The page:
• Tikka, Minttu (Helsingin yliopisto, 2020)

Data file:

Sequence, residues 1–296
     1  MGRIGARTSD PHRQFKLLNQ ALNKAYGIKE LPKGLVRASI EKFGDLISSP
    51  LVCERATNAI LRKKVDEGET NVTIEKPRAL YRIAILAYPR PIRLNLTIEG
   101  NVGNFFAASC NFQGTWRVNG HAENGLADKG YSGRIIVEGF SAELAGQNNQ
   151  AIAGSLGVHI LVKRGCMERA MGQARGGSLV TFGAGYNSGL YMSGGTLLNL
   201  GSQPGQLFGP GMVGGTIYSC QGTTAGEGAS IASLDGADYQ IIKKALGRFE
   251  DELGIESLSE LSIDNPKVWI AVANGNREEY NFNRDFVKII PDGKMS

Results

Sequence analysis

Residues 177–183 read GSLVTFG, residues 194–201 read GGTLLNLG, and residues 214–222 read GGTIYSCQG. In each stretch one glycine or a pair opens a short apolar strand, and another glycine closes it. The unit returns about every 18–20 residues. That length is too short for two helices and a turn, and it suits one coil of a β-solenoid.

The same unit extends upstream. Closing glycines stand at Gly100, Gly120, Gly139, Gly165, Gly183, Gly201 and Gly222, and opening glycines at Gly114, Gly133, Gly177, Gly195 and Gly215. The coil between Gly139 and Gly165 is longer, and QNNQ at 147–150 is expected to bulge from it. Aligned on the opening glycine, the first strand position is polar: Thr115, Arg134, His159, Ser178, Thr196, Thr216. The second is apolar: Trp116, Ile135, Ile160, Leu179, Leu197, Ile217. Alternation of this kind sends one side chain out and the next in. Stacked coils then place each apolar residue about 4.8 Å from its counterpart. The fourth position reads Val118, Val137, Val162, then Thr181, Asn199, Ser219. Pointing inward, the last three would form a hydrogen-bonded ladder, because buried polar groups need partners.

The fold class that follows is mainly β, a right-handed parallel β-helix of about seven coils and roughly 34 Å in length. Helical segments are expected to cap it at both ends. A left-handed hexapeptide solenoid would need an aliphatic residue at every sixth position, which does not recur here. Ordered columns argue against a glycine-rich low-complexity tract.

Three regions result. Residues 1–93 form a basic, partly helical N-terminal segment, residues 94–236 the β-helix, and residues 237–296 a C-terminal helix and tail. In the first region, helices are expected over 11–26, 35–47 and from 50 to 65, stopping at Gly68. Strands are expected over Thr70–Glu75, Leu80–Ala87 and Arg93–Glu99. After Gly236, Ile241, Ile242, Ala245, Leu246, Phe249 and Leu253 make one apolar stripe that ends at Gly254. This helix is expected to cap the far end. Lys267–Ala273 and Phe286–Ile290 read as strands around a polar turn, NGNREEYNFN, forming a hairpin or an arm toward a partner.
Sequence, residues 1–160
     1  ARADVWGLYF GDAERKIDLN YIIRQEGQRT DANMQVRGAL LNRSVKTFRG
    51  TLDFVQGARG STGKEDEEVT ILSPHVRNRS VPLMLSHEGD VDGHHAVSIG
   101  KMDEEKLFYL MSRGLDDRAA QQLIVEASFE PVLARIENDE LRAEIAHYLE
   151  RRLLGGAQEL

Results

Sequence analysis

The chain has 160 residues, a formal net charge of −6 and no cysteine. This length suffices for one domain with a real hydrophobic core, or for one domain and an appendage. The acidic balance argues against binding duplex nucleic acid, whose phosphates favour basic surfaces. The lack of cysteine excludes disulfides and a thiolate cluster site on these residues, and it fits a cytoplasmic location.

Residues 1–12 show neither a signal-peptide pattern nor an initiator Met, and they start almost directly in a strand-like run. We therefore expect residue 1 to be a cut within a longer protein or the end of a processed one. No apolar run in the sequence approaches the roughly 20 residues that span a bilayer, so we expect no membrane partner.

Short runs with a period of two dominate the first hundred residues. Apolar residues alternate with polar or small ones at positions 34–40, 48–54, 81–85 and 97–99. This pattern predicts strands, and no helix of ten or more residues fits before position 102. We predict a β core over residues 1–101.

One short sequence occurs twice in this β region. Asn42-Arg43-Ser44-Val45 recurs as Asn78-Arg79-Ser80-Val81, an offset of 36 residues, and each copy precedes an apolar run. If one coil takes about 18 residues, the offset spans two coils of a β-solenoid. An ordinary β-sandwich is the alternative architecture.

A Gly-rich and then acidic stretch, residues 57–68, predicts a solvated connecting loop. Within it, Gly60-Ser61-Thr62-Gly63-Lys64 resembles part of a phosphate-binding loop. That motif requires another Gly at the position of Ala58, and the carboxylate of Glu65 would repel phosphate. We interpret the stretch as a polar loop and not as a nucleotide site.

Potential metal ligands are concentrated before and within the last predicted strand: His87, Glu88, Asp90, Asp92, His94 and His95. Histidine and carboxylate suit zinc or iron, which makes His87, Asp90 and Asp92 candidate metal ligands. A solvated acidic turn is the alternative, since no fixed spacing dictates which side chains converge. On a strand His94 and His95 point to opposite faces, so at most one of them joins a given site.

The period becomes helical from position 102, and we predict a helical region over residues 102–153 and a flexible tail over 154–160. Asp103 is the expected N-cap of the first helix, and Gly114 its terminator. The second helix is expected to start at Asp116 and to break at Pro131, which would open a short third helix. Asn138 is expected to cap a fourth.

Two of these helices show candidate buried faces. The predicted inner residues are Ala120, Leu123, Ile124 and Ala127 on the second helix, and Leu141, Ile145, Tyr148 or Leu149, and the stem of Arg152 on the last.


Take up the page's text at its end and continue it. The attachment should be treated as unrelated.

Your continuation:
This doctoral dissertation investigates the changing communicative role of ordinary people in times of crisis and disasters in the context of hybrid media environment and develops related methodology. The dissertation is motivated by the phenomenon of vast and creative employment of digital media platforms by ordinary people as a response to societal adversity. The research problem is two-fold: first, to study the participation of ordinary people in crises on digital platforms, and second, to explore how qualitative and computational methods can be employed and combined for the study of crises in the context of the hybrid media environment. Theoretically, the dissertation provides novel insights on the ways in which ordinary people, as non-professionals, engage in the construction of contemporary crises via particular crises-related media practices. Methodologically, it offers a nuanced understanding of how to investigate these practices. Theoretically, this dissertation combines media and communication studies and crisis and disaster research. The theoretical framework draws on mediatization, which highlights the role of mediated communication in the construction of contemporary crises. While crisis research has traditionally focused mainly on organizational actors, the communicative actions of other social actors have not received as much attention. In order to guide attention to the ordinary people who are participating in crises within mediatized conditions, this dissertation engages with a mediatization-from-below approach and focuses on the agency and practices of ordinary people in the context of a hybrid media environment. The concept of hybridity helps to situate newer forms of media and related practices and actors in relation to older ones, stressing the continuities between them. Hence, the hybrid media environment presents a context in which the connected individuals operating on digital platforms can respond to crises and disasters alongside established actors. The dissertation is a compilation of a synopsis chapter and four articles, of which three are empirical and one methodologically focused. It applies a mixed methods approach to the collection and analysis of four different data sets that consist primarily of YouTube and Twitter materials. The mixed methods approach in this dissertation prioritizes qualitative research strategies – most prominently digital media ethnography – that is complemented by content analysis, close-reading and computational methods. Theoretically, the dissertation also contributes to the mediatization-from-below approach by developing a framework of three crisis-related media practices: witnessing a crisis, volunteering in a crisis and building crisis communities. By applying the mediatization-from-below approach, the dissertation argues that the media practices of ordinary people have become an important feature that contributes in ambiguous ways to the making and shaping of contemporary crises. The results from the empirical sub-studies show that crisis-related media practices allow ordinary people to assume active agency, new roles and moral responsibility in contemporary crises and disasters. The dissertation argues that the agency of ordinary people changes the hierarchies associated with roles in crises in the hybrid media environment by creating new relations and interdependencies between the actors. However, while ordinary people can act more independently during a crisis, these practices are still connected with other actors of the hybrid media environment, and they reflect and represent pre-existing cultural and physical social conditions. Further, the dissertation argues that digital media platforms encourage ordinary people to become socialized in the construction of crises. This creates ephemeral and complex social dynamics in crises and disasters which can be grasped with a methodological approach where digital media ethnography is complemented by computational analytics. This approach enables researchers to bridge the gap between particular and in-depth understanding of the crisis-related practices of ordinary people and their interpretation in the context of a more global communication scale. By applying the mediatization-from-below approach, this dissertation illuminates the ways in which the media practices of ordinary people are reshaping contemporary crises.